In the aftermath of Glenn Youngkin’s win in the Virginia gubernatorial race, the victorious Republican appears to have written the playbook for the resurgence of his party. Youngkin taught three lessons in his victorious schooling of Democrat Terry McAuliffe.
Lesson number one: Campaign on issues people care about. Virginians cared about education, they cared about the economy, and they cared about safety. Youngkin appealed to all three. On the flip side, he did not appeal to racism, nor did he appeal to Trump, the two issues to which McAuliffe repeatedly resorted. Those issues played to the Democrats’ left-wing base, but not to general voters.
Youngkin knew that he had to woo and win the sector of the electorate that Trump lost: suburban voters, mostly moms. Moms care about education and they are having what I’ll call “racism fatigue.” They are weary of the constant drone of voices attempting to use the racism issue for political benefit. Virginia flipped red because battalions of mothers in serried ranks of SUVs didn't like being told they had no voice in their schools. When they drop their kids off at school, they don't worry that those little dears will be either the victims or the perpetrators of racism. What they worry about is whether their children will be safe in the bathroom, or that they will be indoctrinated in class.
The left’s racist scare tactics didn't work—they are now officially obsolete. The boy can only cry wolf so many times before people finally realize there is no wolf.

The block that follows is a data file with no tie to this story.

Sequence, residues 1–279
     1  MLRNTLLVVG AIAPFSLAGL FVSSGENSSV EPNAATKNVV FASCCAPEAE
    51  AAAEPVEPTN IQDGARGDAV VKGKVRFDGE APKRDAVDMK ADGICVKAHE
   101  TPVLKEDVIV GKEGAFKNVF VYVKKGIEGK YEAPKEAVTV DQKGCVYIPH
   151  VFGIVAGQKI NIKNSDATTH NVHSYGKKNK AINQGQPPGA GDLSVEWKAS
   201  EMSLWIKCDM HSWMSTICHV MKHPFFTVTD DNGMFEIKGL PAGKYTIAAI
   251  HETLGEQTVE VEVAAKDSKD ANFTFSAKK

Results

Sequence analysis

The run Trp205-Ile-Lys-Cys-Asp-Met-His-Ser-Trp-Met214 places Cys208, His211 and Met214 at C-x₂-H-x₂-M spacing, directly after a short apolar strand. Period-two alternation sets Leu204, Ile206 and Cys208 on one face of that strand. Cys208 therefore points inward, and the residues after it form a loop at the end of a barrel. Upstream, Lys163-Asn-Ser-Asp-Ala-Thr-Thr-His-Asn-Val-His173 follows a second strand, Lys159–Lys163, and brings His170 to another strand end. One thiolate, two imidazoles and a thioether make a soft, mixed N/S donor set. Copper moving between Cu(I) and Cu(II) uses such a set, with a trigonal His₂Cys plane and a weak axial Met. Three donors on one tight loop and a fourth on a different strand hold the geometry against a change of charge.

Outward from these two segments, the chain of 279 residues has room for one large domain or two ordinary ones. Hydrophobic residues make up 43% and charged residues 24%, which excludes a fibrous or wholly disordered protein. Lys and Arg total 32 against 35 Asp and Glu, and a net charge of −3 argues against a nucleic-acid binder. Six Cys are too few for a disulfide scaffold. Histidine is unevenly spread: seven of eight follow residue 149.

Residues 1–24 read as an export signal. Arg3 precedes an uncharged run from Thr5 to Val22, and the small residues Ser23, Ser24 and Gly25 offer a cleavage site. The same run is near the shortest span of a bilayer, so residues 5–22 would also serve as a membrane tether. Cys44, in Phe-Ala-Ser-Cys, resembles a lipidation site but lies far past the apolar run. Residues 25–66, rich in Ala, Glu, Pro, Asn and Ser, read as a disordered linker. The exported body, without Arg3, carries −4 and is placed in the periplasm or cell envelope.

Lesson number two: Stay positive. Youngkin's message was not "look how bad things are," but "look how much better they could be." In fact, there was something positively Reaganesque about Youngkin's approach. Like the Gipper, he didn't shy away from criticisms of his opponent and his opponent's position, but once he made his critique he turned immediately to his vision for making things better. He offered voters hope.
The effect was that Youngkin appeared cheery and hopeful. He looked like he was having fun. McAuliffe, in contrast, came off as vindictive and worried. One got the impression that as soon as he got back in his campaign SUV his smile would instantly disappear, and he’d start upbraiding a campaign worker for low attendance at his events.
Lesson number three: Keep it local. Don't nationalize your campaign without a good reason. McAuliffe attempted to nationalize the Virginia election by identifying himself with Biden’s presidential administration just as it was reaching a new nadir of popularity. He also tied his campaign with Congress’s controversial, multi-trillion-dollar, big government spending bill.
Democratic strategists will now be sifting through the rubble of McAuliffe’s mistakes. They need to acknowledge to themselves that there's no racist under the bed, and that what people care about is good education in safe schools and a stable economy.
This election threw the fear of God into Democratic ranks, and they ought to be scared. They found out that their negative strategies now appear threadbare and ineffective in the eyes of voters. And they see now that the issues that won this race for the Republicans are issues that will—or at least should—be used against them in race after race over the next year, and possibly beyond into 2024.
If they don't refocus, they're likely to get expelled by voters again.
Flickr-Glenn Youngkin, CC BY-SA 2.0
Martin Cothran is the editor of Classical Teacher magazine, published by Memoria Press, and the director of the Classical Latin School Association.